AMINA ADAMU AUGIE, J.S.C.: I have read in draft the lead Ruling just delivered by learned brother, Rhodes-Vivour, J.S.C., and I agree with him that in the circumstances of this case, the Application to raise the fresh issue should be granted.
He dealt with the issues at stake, and I will only say a few words to emphasize the points made because it is usually a herculean task to convince or get this Court to grant an Application of this nature.
Mostly, an appellate Court will not allow a Party to raise issues not raised at the trial Court except where the fresh issue or question involves substantial points of law, substantive or procedural, which need to be allowed to prevent an obvious miscarriage of justice.
On the issue of when a question of law is said to be substantial,
this Court explained in African Newspaper of Nigeria Ltd. & Ors v. FRN (1985) 2 NWLR (Pt.6) 137 that such a question must be one of which arguments in favour of more than one interpretation might reasonably be adduced; and one which must necessarily be decided in the cause or matter and not which may be unnecessary to decide.
See also Okenwa v. Military Governor, Imo State (1996) 2 NWLR (Pt.455) 394 SC, where Iguh, JSC, also explained as follows –
There can be no doubt that an appellate Court must not allow an Appellant to jettison before it, the question on which the Parties have joined issue and fought their case before the trial Court as to do otherwise would amount, in effect, to permitting the Appellant to commence an entirely new case before the appellate Court. In the same vein, an appellate Court before which a new point is sought to be canvassed will, on the authorities, refuse to grant leave to do so where the fresh point raised introduces a new line of defence completely different from the issues fought by the Parties in the Court below … An Appellant will also not be allowed to raise on appeal, a fresh point or question, which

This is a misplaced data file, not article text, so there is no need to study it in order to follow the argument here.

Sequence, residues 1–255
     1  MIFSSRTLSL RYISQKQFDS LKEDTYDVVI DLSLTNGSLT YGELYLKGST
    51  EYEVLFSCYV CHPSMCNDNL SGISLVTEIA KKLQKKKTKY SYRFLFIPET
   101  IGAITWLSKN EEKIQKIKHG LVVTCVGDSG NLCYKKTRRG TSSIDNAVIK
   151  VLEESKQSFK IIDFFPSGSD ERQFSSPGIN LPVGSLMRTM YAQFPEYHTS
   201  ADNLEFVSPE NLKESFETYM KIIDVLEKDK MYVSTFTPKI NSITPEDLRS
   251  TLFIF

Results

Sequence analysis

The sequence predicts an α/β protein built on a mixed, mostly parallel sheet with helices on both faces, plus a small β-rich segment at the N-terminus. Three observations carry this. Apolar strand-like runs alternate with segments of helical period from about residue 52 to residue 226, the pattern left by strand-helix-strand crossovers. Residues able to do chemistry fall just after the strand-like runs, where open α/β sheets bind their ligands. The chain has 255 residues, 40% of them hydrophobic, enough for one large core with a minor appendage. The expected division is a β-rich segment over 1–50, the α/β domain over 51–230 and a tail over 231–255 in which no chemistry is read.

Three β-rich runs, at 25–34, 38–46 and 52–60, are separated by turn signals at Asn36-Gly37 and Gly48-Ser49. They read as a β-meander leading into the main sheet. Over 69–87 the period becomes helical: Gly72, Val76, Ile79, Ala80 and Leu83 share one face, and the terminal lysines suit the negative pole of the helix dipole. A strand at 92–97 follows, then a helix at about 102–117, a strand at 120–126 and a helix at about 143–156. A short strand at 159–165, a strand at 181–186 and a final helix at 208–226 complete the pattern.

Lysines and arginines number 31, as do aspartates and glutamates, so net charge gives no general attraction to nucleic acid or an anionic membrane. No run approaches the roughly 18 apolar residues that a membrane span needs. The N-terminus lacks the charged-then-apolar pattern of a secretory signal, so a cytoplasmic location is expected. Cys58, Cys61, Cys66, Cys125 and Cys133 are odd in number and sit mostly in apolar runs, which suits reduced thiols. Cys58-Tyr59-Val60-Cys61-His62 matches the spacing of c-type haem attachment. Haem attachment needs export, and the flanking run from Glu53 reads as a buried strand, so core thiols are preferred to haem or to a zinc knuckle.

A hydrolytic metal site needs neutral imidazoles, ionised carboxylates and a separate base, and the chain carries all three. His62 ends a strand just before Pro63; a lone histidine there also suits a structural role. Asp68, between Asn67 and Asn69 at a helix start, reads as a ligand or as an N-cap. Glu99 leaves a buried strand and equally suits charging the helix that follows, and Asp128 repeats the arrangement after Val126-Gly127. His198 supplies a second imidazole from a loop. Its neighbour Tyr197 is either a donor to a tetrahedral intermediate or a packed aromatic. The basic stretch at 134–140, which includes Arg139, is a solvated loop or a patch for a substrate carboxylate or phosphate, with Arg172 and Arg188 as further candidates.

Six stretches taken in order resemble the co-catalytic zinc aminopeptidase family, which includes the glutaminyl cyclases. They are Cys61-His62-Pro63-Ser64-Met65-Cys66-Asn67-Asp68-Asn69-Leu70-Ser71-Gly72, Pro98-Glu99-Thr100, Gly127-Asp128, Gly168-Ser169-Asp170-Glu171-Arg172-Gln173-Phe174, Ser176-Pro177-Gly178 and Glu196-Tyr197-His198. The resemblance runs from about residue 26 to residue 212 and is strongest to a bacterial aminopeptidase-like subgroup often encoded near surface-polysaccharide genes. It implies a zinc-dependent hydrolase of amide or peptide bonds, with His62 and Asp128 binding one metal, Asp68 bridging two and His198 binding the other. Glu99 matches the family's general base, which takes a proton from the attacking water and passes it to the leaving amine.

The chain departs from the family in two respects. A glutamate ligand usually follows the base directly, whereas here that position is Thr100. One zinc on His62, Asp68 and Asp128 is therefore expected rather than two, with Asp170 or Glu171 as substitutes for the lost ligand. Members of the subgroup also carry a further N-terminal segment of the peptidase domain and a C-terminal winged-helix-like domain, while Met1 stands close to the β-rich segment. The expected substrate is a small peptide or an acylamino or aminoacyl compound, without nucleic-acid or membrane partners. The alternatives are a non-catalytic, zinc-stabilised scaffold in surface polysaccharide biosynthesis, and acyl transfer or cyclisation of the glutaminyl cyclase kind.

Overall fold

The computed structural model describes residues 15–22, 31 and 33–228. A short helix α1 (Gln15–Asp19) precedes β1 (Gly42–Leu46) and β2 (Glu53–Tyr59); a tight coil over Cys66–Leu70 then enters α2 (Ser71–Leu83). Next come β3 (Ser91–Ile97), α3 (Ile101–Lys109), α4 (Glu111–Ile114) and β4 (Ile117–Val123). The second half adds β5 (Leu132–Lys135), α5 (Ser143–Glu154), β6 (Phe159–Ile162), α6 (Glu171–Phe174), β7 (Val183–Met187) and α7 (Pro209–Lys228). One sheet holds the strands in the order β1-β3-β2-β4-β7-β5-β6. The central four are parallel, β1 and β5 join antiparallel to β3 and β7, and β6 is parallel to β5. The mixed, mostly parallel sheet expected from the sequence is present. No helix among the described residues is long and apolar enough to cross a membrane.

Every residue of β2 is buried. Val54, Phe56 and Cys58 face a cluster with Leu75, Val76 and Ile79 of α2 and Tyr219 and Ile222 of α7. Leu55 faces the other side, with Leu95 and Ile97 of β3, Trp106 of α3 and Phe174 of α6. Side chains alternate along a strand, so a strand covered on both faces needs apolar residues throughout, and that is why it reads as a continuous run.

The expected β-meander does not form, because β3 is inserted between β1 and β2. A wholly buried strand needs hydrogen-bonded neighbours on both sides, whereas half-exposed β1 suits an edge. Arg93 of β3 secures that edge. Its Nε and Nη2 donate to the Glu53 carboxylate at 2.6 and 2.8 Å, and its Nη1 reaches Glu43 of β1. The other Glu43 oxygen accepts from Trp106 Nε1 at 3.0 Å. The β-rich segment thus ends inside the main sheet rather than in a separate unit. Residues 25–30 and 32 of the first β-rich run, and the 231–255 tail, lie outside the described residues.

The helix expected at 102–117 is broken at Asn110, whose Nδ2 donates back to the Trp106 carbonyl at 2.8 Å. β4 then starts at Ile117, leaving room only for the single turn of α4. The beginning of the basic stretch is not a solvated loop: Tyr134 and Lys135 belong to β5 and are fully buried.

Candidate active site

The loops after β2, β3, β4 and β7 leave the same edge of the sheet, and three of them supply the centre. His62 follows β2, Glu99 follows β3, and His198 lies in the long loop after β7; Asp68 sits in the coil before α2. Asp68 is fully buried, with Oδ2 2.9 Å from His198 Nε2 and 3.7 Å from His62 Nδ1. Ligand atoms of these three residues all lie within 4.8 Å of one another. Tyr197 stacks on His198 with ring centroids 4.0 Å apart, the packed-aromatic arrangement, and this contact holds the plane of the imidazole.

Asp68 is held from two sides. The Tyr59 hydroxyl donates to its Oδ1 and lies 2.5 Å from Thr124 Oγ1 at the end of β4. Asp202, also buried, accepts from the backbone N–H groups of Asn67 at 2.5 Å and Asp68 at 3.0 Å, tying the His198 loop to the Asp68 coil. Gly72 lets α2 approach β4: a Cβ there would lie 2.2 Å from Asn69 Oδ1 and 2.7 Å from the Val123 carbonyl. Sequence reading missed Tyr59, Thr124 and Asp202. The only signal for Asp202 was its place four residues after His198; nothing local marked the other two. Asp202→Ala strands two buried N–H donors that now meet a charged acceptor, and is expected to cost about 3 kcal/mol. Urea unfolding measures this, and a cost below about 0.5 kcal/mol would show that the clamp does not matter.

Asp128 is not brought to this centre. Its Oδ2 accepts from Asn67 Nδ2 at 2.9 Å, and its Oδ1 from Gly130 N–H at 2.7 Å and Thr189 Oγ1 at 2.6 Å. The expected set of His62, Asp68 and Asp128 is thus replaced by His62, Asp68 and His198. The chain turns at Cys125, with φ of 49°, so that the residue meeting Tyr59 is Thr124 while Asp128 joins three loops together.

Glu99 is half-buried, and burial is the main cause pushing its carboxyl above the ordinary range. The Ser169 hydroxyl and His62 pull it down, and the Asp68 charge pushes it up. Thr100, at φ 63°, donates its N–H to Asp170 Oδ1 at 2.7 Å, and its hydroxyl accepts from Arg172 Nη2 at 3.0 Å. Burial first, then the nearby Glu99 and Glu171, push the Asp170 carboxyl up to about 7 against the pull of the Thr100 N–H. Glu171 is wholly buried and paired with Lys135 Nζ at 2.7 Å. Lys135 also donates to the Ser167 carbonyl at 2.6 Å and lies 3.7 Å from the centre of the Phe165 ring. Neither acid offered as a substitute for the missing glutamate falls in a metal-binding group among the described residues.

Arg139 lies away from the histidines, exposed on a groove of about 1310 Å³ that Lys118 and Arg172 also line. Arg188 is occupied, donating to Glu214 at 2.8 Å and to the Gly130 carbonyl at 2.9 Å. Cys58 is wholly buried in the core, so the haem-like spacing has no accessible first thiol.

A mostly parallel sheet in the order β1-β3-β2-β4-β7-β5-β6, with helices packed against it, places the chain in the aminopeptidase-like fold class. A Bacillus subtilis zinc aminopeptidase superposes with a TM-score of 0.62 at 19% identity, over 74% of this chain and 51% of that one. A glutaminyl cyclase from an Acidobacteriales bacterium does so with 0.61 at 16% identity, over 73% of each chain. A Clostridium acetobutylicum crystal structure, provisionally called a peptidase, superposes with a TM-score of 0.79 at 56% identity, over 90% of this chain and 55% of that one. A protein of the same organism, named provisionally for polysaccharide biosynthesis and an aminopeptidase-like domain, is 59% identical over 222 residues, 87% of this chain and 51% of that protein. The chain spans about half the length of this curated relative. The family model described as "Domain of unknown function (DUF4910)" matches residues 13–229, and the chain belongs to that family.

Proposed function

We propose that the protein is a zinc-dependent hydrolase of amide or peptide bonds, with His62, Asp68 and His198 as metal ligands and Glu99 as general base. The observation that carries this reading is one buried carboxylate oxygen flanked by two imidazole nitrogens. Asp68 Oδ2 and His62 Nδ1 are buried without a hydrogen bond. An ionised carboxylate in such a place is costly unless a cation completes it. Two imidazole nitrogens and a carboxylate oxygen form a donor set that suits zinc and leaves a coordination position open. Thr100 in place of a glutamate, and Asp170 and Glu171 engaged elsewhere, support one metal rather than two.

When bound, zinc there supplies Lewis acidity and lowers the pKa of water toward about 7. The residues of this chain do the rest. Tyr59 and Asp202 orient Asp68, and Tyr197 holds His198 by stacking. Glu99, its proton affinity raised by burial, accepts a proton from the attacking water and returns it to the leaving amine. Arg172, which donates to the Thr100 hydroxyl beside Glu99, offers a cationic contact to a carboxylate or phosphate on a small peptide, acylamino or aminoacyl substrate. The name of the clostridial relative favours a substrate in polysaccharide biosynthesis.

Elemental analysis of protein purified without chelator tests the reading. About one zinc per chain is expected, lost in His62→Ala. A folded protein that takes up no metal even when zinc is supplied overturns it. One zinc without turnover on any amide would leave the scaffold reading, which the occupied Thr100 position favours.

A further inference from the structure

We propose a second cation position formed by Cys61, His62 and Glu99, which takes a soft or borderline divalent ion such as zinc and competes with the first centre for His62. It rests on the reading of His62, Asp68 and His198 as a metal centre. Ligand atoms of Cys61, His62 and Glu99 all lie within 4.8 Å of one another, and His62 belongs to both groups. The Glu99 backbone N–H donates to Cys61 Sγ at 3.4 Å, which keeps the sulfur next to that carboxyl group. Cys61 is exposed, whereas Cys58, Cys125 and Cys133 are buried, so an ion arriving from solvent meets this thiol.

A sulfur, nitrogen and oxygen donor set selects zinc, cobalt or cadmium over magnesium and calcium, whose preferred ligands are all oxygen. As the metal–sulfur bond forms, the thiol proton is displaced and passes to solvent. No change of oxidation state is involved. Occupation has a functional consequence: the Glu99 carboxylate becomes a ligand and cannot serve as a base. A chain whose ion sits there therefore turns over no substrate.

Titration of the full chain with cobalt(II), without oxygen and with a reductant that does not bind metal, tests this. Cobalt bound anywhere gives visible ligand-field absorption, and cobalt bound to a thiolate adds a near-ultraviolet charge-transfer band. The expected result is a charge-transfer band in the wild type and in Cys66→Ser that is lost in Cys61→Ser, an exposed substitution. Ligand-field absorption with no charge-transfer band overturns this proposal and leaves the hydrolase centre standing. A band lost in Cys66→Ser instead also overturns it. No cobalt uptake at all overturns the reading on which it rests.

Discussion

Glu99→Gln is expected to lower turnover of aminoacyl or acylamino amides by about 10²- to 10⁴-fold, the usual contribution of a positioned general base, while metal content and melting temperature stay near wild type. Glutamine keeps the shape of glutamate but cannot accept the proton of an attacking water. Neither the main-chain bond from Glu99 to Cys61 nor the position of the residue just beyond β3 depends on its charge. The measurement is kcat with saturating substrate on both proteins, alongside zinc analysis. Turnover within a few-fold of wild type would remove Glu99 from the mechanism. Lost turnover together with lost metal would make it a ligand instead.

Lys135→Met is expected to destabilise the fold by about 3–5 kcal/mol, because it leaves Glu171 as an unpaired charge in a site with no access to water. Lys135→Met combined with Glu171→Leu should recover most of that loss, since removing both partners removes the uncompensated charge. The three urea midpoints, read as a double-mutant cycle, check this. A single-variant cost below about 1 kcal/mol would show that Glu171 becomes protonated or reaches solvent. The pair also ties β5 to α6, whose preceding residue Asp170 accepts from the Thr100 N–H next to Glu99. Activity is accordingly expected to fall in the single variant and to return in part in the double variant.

was not raised of tried or considered by the trial Court, particularly where to raise such a point or question will require fresh or additional evidence to be adduced … Where, however, such a fresh point or question involves a substantial point of law substantial or procedural, and it is plain that no further evidence needs be adduced which would affect the decision on the matter, the appellate Court will allow the question to be raised and the point taken to prevent a miscarriage of justice.
See Att-Gen., Oyo State v. Fairlakes Hotel Ltd. (1988) 5 NWLR (Pt.92) 1 at 29 SC, John Bankole and Ors v. Mojidi Pelu and Ors (1991) 8 NWLR (Pt.211) 523. In A.-G., Oyo State v. Fairlakes Hotel Ltd. (supra), this Court succinctly stated the principles guiding the appellate Courts in the exercise of their discretion to grant leave to a party to raise, for the first time, a point of law not raised or canvassed in the Court below thus:
The discretion has been exercised in a variety of situations in the interest of the administration of justice.
The following situations are disclosed by some of the decided cases, among many, where substantial
points of law, substantive and procedural are involved. The leave has been granted to raise a new point of law:
(1) When the point of law raised discloses ex facie that the Court has no jurisdiction.
(2) Where the point of law raised arose out of the decision of the Court of first instance and could not have been raised earlier in that Court…
(3) Where the point of law raised involves the interpretation of documents relevant to the determination of the case before the Court…
(4) Where all the materials necessary for the determination of the point of law raised are present in the records of the Court.
(5) Where the Court is satisfied that the evidence is such that establishes beyond doubt, that the facts, if fully investigated would have supported the new plea.
I must add also that at this stage, this Court is not concerned with the validity or otherwise of the fresh issue sought to be raised by the Appellant; that is a matter to be pronounced upon in the event of leave being granted to the Appellant to raise the fresh point or issue.
Thus, I will make no observation whatsoever on the issue. Suffice it to say that
what I need to consider at this stage is whether or not the fresh issue sought to be raised is really a substantial question of law.